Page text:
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-Greg’s Take-

The self-made complexities of experimental sound are often complicated even further by the perplexing roads woven by love lost and lost, ultimately, in production; unless an artist possess a very rare skill.

Face it, as abstract as both can be, you’d have to be pretty focused and/or talented to harness them together.

New York City’s singer/songwriter/composer/producer David Bronson set forth to release a double album built upon the tale of “a young man’s loss of hope and identity following the death of young love, and the prolonged, arduous, and life-changing journey to re-find them.” Combined with his adventurous style, he aimed high. And it is not without a few oddities that he accomplished exactly what he set out to do; at least half-way there.

Story is an eleven track album built around a relatively unique sound. Bronson’s vocals tend to lean into the haunting side of Scott Weiland if they were produced by Ziggy Stardust. Bold and original, there isn’t anything like Bronson. Instrumentally he peaks on rock and lulls on acoustic slide while tending to everything in between.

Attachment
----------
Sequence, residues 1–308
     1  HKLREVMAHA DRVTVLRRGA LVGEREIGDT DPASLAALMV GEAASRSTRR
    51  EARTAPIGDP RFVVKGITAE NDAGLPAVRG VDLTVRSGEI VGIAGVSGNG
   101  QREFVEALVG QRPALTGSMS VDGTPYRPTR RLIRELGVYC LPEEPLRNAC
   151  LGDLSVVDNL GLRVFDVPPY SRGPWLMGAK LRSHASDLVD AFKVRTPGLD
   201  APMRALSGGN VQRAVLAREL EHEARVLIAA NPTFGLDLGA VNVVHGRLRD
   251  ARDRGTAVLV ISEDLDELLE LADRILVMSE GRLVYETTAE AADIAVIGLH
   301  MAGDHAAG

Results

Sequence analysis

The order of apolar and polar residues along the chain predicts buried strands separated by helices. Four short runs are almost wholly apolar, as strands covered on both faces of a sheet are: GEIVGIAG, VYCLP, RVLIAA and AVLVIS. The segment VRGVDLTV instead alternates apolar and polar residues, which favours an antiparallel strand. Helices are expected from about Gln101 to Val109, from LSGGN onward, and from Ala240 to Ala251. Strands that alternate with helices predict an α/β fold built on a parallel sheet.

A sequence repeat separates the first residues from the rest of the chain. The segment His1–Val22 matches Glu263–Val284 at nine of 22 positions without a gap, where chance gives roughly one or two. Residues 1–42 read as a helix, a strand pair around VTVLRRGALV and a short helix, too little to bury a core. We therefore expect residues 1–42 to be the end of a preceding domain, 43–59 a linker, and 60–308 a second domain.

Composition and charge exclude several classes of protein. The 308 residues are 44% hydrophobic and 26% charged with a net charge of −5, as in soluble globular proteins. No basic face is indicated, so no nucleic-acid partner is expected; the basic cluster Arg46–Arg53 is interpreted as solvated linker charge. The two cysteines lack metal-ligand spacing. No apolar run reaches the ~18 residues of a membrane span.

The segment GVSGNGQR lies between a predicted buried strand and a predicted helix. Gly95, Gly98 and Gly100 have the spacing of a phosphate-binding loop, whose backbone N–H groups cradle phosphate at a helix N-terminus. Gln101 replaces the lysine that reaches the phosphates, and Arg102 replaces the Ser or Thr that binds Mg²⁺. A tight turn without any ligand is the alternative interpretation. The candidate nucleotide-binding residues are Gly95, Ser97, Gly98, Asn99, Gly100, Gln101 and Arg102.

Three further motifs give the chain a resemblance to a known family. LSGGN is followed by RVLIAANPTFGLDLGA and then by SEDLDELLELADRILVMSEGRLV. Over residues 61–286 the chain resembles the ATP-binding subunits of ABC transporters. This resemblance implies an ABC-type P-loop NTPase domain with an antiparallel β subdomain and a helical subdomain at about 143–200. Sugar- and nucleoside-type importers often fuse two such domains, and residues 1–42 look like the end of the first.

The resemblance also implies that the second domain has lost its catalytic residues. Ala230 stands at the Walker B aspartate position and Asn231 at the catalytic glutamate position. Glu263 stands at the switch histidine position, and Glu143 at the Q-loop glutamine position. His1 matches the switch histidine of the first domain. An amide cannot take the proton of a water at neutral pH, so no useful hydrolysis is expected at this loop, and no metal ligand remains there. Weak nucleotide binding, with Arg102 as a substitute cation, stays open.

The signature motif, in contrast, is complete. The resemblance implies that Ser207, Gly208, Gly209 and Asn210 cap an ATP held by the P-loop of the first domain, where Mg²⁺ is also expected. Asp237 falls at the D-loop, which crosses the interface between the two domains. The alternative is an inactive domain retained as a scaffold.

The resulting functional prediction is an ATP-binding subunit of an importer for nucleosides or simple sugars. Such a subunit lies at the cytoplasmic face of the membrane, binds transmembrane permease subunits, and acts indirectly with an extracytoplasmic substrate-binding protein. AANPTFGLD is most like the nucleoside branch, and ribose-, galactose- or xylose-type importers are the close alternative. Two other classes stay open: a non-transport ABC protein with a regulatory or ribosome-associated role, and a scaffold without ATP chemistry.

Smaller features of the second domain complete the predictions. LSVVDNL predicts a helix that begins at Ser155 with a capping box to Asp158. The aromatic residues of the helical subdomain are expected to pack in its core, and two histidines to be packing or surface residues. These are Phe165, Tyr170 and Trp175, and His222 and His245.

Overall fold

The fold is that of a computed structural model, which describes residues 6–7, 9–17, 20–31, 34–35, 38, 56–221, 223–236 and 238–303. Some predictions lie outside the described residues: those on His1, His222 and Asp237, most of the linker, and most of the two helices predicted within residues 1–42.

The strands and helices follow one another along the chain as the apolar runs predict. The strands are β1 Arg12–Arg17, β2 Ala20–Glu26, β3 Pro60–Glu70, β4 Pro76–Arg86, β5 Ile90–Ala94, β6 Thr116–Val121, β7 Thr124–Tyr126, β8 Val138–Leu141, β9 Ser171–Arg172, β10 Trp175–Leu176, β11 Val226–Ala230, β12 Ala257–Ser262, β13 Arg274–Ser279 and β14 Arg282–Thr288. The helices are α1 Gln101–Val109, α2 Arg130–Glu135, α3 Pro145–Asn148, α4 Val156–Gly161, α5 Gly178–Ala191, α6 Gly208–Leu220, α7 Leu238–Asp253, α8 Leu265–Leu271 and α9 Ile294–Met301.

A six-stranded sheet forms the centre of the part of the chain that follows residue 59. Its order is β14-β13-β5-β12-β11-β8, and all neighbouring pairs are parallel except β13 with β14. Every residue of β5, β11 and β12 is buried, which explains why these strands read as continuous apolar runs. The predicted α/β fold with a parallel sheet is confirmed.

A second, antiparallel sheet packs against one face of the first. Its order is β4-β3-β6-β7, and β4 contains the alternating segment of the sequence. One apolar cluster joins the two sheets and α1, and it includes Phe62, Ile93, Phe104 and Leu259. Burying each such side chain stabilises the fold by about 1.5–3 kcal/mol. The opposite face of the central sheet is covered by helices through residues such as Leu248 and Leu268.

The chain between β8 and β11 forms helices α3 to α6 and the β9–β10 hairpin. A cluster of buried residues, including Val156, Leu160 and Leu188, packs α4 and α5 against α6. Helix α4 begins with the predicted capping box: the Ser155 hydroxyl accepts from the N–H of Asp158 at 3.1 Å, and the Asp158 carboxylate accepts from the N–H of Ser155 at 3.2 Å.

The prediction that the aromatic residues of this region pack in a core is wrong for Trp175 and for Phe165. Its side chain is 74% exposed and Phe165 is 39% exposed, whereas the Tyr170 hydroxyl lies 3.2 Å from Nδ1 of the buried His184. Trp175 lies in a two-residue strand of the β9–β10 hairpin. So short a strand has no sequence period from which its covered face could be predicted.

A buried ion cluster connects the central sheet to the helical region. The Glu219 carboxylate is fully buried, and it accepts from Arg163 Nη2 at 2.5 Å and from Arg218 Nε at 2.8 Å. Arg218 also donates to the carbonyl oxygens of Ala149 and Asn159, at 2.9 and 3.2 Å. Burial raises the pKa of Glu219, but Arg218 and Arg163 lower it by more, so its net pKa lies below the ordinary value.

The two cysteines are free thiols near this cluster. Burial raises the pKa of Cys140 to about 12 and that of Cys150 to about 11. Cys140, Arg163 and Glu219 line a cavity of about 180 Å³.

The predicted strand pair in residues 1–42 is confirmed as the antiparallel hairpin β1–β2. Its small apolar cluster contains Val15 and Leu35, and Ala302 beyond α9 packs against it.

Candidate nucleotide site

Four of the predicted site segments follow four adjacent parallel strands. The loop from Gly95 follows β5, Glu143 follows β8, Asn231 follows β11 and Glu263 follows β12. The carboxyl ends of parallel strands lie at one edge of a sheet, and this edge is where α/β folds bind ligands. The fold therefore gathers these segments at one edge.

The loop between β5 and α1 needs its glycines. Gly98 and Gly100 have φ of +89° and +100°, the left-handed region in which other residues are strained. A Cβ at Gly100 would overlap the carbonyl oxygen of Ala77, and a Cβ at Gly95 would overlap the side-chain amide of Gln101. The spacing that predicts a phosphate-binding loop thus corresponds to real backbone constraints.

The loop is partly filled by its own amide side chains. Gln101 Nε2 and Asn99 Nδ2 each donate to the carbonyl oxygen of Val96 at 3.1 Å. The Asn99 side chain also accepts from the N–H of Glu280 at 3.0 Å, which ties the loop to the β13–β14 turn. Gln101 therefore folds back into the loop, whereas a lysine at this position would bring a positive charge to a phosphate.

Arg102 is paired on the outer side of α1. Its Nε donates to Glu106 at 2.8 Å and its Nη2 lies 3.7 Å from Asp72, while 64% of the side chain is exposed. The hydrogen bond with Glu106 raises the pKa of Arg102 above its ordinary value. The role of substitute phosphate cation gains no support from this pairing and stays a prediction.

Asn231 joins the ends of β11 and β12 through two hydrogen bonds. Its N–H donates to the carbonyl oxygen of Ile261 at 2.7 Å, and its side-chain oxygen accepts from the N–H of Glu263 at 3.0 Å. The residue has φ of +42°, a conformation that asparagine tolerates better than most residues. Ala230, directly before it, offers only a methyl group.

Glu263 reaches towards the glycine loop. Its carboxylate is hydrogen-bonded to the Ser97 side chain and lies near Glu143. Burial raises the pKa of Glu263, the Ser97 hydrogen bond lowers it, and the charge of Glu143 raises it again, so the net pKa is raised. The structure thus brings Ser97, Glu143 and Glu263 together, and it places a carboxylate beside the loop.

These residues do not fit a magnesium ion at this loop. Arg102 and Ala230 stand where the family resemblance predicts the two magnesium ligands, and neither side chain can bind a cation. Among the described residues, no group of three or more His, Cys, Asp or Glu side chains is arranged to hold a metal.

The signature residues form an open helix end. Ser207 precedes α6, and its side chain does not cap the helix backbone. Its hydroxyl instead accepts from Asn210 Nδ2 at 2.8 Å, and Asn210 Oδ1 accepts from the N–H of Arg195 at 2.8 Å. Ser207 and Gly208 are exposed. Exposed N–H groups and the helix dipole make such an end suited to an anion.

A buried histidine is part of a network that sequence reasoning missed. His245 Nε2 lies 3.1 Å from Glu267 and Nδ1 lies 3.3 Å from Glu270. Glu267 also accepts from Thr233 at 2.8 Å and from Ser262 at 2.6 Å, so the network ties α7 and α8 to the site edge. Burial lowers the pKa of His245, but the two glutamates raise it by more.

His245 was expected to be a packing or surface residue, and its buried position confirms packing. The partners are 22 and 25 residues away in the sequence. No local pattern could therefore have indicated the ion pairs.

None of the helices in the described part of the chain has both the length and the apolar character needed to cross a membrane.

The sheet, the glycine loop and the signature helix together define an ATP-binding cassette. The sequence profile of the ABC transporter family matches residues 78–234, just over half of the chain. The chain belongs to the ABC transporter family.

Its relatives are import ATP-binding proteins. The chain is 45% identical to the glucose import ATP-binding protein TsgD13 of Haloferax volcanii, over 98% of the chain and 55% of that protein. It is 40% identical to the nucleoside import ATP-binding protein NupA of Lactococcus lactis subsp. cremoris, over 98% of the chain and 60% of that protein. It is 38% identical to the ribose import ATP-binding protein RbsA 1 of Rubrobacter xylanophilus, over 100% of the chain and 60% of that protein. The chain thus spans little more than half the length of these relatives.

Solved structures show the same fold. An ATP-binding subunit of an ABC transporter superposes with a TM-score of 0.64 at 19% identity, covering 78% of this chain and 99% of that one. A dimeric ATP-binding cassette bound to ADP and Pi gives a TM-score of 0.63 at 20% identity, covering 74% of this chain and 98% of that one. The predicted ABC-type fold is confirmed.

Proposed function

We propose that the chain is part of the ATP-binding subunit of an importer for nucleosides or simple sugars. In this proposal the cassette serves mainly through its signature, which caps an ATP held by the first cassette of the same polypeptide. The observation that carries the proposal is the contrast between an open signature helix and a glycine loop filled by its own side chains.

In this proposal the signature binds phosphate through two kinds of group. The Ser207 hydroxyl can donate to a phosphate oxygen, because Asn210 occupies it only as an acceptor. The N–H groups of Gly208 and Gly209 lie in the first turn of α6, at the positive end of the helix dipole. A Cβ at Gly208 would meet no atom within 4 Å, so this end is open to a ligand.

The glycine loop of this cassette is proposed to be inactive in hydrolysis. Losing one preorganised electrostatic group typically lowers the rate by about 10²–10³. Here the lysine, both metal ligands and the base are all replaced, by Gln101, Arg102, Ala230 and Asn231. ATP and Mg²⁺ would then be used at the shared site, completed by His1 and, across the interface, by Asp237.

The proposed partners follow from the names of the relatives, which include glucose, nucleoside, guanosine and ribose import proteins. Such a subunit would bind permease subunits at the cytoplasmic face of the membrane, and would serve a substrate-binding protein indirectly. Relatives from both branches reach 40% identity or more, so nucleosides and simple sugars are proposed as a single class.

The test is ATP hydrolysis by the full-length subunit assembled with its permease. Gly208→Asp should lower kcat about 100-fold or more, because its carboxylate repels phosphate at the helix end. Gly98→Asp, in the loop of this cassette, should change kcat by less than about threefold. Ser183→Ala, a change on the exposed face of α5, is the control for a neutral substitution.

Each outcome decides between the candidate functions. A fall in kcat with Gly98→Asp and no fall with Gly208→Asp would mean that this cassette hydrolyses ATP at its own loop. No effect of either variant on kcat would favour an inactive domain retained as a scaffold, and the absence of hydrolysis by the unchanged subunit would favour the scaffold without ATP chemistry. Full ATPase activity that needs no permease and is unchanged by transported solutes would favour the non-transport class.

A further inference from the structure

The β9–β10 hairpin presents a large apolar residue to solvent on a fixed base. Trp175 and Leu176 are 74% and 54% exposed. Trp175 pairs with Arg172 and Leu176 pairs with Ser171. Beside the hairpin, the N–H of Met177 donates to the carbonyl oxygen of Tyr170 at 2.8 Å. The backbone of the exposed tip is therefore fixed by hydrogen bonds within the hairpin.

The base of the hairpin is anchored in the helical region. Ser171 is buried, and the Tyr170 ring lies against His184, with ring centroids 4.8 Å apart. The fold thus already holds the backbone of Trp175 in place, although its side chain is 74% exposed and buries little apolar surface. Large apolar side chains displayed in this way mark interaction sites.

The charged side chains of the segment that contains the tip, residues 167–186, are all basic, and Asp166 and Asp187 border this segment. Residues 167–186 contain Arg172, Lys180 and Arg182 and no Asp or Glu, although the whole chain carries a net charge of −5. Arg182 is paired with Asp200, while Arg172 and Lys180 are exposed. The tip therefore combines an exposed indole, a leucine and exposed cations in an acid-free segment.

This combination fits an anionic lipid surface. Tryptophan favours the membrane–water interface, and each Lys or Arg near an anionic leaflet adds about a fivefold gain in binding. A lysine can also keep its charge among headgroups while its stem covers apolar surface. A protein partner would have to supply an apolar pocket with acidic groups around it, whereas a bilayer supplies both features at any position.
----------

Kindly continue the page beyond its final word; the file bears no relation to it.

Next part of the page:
As I ventured in to “The Turns,” the opening track, I’ll admit, Bronson’s vocals were nothing like I was expecting. The light, strumming rock, mixed with his passion filled lyrics dance together in an odd mix. His voice was tough to ponder until I started thinking about all the great songwriters that paved the way to Story and realized, although quirky, they’re refreshing and new. “Times” is the rivet that will staple Bronson’s name firmly into the “must watch” category. His pop style reaches deep within folk and pulls out an attention grabbing originality.

Strangely the B-side of Story moves with elegance, but fails to fully obtain the persuasiveness of the lead half. The album slowly drifts into a more story-like quality than he begins with. If we take a step back to see the whole picture, we’ll quickly realize this is not by accident. This was planned as part of the Story and it sets Bronson apart from the Ray LaMontagne’s of the world.

With a few odd quirks this album is just unique enough to keep your attention. Bronson harnesses a truly original sound; one that borders on almost soundtrack-ish. Each track needs the others and if you fall into the album, I mean really let yourself become consumed; you can almost feel the story, perhaps like a rock-opera of the mind.

Pardon the pun, but this is only half the Story. His debut album is the second-half to what will be The Long Lost and if that sounds odd to you, you haven’t listened to David Bronson.

David Bronsonphotograph by willie davis